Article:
Total Recall: How the E-memory Revolution Will Change Everything
Total Recall provides a glimpse of the near future. Imagine heart monitors woven into your clothes and tiny wearable audio and visual recorders automatically capturing what you see and hear. Imagine being able to summon up the e-memories of your great grandfather and his avatar giving you advice about whether or not to go to college, accept that job offer, or get married. The range of potential insights is truly awesome. But Bell and Gemmell also show how you can begin to take better advantage of this new technology right now. From how to navigate the serious question of privacy and serious problem of application compatibility to what kind of startups Bell is willing to invest in and which scanner he prefers, this is a book about a turning point in human knowledge as well as an immediate practical guide..
"I am not sure whether recording everything we see, hear and do is the landfill or landscape of our lives, because thoughts and memories are their own reality. But I am sure that Total Recall is a must read due to its inevitability, seminal nature and clairvoyant authors." -Nicholas Negroponte, author of Being Digital
"Gordon Bell is one of the great visionaries in the computer industry. In Total Recall he paints a picture of a world where computing is far more personal than anything we have seen so far, where digital memory appliances supplement the human mind and store all the details of your life. Like much of Gordon's work it is a characteristically bold and exciting vision of computing. He takes us to a future which is just around the corner, but which would be hard to glimpse without him."
"For decades, the tech world has been going gaga for "Moore's Law", which describes how much faster and more powerful personal electronics becomes over time, but in the last decade, most of the really big freakouts have been as a result of the explosion in our ability to capture and store data... What happens when being alive means being in record mode, for everybody? It's a change that is at once astonishing and imminent. Gordon and Jim are at the center of this kind of work, and just the guys to write the book."
"Total Recall does a marvelous job of exploring first- hand the implications of storing our entire lives digitally. And just in time! -- the technology is already here and will be ubiquitous before we know it."
"Economists, along with everyone else, will be astounded by the wide ranging social and personal benefits of Total Recall digital technology."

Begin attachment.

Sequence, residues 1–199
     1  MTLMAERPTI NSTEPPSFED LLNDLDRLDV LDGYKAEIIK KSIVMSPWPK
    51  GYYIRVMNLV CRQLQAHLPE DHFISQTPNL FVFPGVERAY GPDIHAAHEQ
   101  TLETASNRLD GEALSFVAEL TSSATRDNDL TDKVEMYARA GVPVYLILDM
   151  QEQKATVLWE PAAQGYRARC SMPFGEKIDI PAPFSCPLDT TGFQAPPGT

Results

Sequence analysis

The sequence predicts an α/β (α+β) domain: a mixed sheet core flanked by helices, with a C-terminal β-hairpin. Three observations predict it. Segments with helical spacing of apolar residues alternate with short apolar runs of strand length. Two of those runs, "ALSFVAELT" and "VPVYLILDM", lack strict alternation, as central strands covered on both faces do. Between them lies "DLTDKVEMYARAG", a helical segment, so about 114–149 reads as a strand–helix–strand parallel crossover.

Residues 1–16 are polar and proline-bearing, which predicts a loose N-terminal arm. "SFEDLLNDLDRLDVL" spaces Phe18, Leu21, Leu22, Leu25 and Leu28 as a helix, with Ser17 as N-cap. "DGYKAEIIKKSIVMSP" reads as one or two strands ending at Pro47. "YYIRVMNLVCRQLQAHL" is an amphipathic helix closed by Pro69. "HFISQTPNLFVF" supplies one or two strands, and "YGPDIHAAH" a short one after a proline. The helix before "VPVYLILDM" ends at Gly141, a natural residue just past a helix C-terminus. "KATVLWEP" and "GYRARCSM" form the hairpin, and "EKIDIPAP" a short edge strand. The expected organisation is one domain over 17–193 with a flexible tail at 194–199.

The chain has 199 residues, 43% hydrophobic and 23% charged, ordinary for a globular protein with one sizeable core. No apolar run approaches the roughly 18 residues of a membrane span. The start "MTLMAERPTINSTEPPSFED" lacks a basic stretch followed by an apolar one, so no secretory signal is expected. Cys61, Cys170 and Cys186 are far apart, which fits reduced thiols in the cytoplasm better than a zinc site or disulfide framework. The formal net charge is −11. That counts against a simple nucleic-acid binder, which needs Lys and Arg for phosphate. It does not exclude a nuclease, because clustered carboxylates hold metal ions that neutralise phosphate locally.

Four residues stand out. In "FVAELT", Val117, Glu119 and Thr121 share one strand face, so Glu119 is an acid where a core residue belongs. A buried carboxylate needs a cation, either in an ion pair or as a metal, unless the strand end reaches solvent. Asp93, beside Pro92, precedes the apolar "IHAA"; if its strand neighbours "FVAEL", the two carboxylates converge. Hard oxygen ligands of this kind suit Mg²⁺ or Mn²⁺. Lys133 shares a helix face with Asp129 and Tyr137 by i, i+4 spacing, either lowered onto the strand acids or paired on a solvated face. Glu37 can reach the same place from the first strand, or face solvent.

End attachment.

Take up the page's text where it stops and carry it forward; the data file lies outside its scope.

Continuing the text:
"As you warm to the ideas expressed in Total Recall, you find yourself reaching for your digital camera to record the moment just gone by."
"Wow! Thanks for this book. I've been fascinated by MyLifeBits for years; it's certainly inspired our thinking at Evernote."
"Extraordinarily prescient but also entertaining...Total Recall is of paramount importance in the new, increasingly paperless world."
"Total Recall offers a prescient view of the powerful use of today's information tomorrow. Gordon provides provocative insights, entertaining stories, and fundamental advancements in recall enabled by tools readily available today that immediately enhance the capture, access and sharing of numerous forms of information."
"Gordon Bell and Jim Gemmell paint a vivid and personal picture of a revolution that is already in progress, a revolution that will transform our future by making our past transparent. Clear, detailed, and permanent knowledge of ourselves and others will change the fiber of our lives and societies, pervasively, from meal planning to constitutional law. If we are blind to the implications, we'll be trying to solve the wrong problems with obsolete tools. Total Recall will open eyes, and the more, the better."
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An e-memory is a type of interactive external personal memory. In a decade, it will be used to capture, store and find all of one’s past experiences, or those of others who have been immortalized. The e-memory machine is part of a network that preserves data, a familiar example of which might be sports broadcasts. This is built by digitizing previous stuff, logging life/health/notes/stories, and using it privately or possibly in business; a list of ten kinds of startups is provided. Wearable biosensors and environmental links round out applications for health, education, work and security, e.g. involving clusters of relationships over time, or perfect historical knowledge. Science now includes Gray’s paradigm of source materials in addition to observation, theory and simulation, where the model shapes understanding, This book is a type of presentation; videos are another. Other examples are large wallsavers or MyCyberTwin personas.
Readers probably have a field day considering potential futures. There are now many disparities between various selective memories, e.g. w.r.t official agendas. Digital divide still needs resolution. Authenticity and privacy become more significant. Definition of IP requires clarification. Standards may change the notion of identity, e.g. via memory exchange. Open-source memory seems possible.
See totalrecallbook.com. Thanks.
The forward is written by Bill Gates: "What would happen if we could instantly access all the information we were exposed to throughout our lives?..."
OK...I'll take it further: what if every piece of information there ever was could be accessed? We're not there, and I doubt that we will ever get there. But, what if?...
(And, we're off and running.)
...This book should be a good read for various kinds of people. Like people who collect...anything. Those interested in data management. Those who have a difficult time being organized, and those who are very organized. What to keep. How to keep it. It covers a broad scope of considerations for many.